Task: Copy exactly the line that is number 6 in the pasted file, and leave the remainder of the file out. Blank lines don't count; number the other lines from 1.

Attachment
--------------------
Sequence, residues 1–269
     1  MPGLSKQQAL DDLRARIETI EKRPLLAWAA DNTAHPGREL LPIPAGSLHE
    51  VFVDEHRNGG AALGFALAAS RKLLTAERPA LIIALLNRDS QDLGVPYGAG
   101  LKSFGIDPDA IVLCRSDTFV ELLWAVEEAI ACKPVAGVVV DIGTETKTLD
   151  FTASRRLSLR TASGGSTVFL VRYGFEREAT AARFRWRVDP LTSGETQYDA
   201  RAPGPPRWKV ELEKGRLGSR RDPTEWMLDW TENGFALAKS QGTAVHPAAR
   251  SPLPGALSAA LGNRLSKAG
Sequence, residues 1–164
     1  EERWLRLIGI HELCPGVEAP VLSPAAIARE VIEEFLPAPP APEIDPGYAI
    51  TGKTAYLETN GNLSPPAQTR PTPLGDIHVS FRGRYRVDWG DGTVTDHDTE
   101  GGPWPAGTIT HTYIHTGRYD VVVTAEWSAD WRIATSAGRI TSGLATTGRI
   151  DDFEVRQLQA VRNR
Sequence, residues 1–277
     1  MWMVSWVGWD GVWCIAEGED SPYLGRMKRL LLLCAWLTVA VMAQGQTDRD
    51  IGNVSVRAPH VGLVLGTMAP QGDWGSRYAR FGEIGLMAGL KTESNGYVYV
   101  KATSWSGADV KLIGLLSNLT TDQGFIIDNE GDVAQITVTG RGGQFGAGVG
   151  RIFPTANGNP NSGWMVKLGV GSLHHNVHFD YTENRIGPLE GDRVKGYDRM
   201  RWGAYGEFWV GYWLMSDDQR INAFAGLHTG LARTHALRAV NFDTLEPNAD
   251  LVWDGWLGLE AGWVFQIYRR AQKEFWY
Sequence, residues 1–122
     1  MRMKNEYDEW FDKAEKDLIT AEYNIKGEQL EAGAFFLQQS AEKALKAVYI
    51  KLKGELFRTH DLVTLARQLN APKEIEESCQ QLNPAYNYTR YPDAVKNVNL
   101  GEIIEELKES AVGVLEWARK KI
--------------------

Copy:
   201  RAPGPPRWKV ELEKGRLGSR RDPTEWMLDW TENGFALAKS QGTAVHPAAR